‘I couldn’t get in touch with my feelings,’ Marlene Olive remarked one day after it was all over. ‘Lots of times I thought my dad was still alive.’ This must be deemed a serious failure of perception on her part, since with Chuck Riley, her teenage boyfriend and co-star in the true story of Bad Blood, Marlene murdered her parents in an act of astounding brutality. ‘Spaced’ on LSD, Chuck embedded a hammer in Mrs Olive’s skull with such force that it required his full strength with both hands to remove it. Pumping four bullets into Mr Olive a minute later was charitable by comparison. Although she spent the next hour soothing, reassuring and sexually flattering Chuck, Marlene could not evade her unease. For months she had talked about killing her parents, plotted it, and finally bullied Chuck into striking the blows, only to find herself strangely unconvinced. As far as her mother was concerned, it was good riddance, but almost immediately she felt the death of her father as a genuine loss and wished him back. It is with morbid amusement that the reader finds her writing to Chuck complaining of loneliness a month after they were separated by confinement: ‘I have no family and no real friends.’
The murders took place in Marin County, California – ‘the golden land’ – in 1975, and many of those whom Richard Levine talked to claimed to have seen it coming, since it was well-known that Mrs Olive and her adopted daughter hated each other. Being a minor at the time, Marlene served only three years in a Youth Authority institution, and, now at liberty, has already fulfilled the ambition she cherished most, next to bumping off mom and dad, by becoming a prostitute. Chuck, on the other hand, having been reprieved on death row, expects to be inside for another twenty years. Mr Levin’s documentary account of their lives and deeds is well-written and compelling. It is in some ways more dignified than Capote’s In Cold Blood and Mailer’s The Executioner’s Song because it does not fancy itself a ‘novel’.
America has an appetite for murders and murderers which surpasses that of every other Western nation, and it even contrives on occasion to make heroes out of this material. Mailer has gone so far as to suggest that the most famous cold-blooded killer of recent years, Gary Gilmore, is a likely candidate for future sainthood. The case of the Olive family is treated with sympathetic and intelligent detachment by Levine, but the assumption behind his book is that this is a truly American tragedy, which could not have occurred in quite the same way anywhere else. Marlene and Chuck appeared to be a couple of ordinary kids from respectable homes in a ‘racially homogeneous’ – which is to say, white – neighbourhood. However, their toys included guns, fast cars and cocaine, and the murder of Marlene’s parents was an extreme form of their play.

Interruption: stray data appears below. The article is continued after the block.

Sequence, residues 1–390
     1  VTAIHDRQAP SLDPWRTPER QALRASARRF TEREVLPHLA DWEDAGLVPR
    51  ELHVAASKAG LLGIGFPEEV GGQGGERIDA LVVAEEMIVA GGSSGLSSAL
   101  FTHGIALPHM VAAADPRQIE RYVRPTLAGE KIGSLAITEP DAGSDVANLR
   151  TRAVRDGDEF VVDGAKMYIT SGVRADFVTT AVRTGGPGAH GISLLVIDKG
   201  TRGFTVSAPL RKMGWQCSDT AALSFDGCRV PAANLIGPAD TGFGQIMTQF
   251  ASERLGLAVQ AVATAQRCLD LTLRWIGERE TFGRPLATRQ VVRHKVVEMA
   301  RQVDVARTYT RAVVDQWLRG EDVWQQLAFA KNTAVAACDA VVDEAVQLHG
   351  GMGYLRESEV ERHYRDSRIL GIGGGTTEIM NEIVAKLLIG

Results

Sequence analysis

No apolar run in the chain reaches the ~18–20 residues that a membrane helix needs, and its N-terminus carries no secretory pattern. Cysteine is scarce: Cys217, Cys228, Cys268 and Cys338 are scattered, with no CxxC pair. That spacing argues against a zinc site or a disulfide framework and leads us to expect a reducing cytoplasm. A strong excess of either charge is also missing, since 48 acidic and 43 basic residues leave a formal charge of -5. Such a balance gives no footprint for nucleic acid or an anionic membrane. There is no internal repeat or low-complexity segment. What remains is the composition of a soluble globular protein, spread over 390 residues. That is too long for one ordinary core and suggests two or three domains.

The parents had their own games, and must share the blame for the values inherited by the children. Professional status, for example, preoccupied Naomi Olive above everything else, except whisky. Disapproving of Chuck, she once phoned his mother to express disgust that Marlene should have any interest in a boy from ‘a lower-income area’, when so many ‘influential’ families lived near at hand. Mr Olive, on the other hand, liked Chuck at first: ‘a real go-getter’ was how he described him, which was complimentary coming from a man who admired nothing so much as ‘a winner’. To his sister he wrote that Marlene was ‘being a fifteen-year-old successfully’. Marlene was, like Chuck, a public and private wreck. Their daily intake of drugs, even during school time, began with a ‘wake-up snort’ of cocaine, and included thereafter grass, acid, and almost everything in between – sometimes comprised in a random bag of pills called ‘rock’n’roll stew’. She was a habitual and nifty shoplifter (when she was caught, Jim Olive would buy her a dress to calm her nerves); her sexual fantasies included taking a starring role in a pornographic film for which she even had a title, To Die of Love, while her practice alternated between masturbating with a loaded pistol and asking Chuck to tie her up and then ‘rape’ her at knifepoint. By the time of the murder, however, these charades were losing their novelty.
After the murder, she and Chuck had sex, then fed the cats to keep them out of the blood-soaked room, and went off to the beach with friends. Being under instructions to return home early at night, Marlene phoned from a restaurant and told the silence at the other end that she would be back by ten. She may have been trying to fool her friends, but the trick was aimed at least as much at herself: it was as if she hoped her father would stop pretending to be dead and pick up the phone. Levine reveals that that night was the first time she displayed any physical fondness for Chuck in public.
Apparently Chuck now has no proper memory of killing Mrs Olive (Levine persuades us that he has no reason to lie about this); Naomi herself seldom touched Marlene, more often taunting her with reminders that her real mother gave her away and was ‘a whore’ (she was not); Jim Olive never talked to outsiders about his hellish family life, and was respected as someone trying to hold it together ‘with a smile on his face and all ten fingers in the dyke’. No matter what was happening, it was absolutely imperative to go on looking like ‘a winner’, ‘a real go-getter’, ‘a fifteen-year-old successfully’. It is possible that he would have chosen his dreadful fate in preference to the dispelling of these illusions, that he could not have survived without them.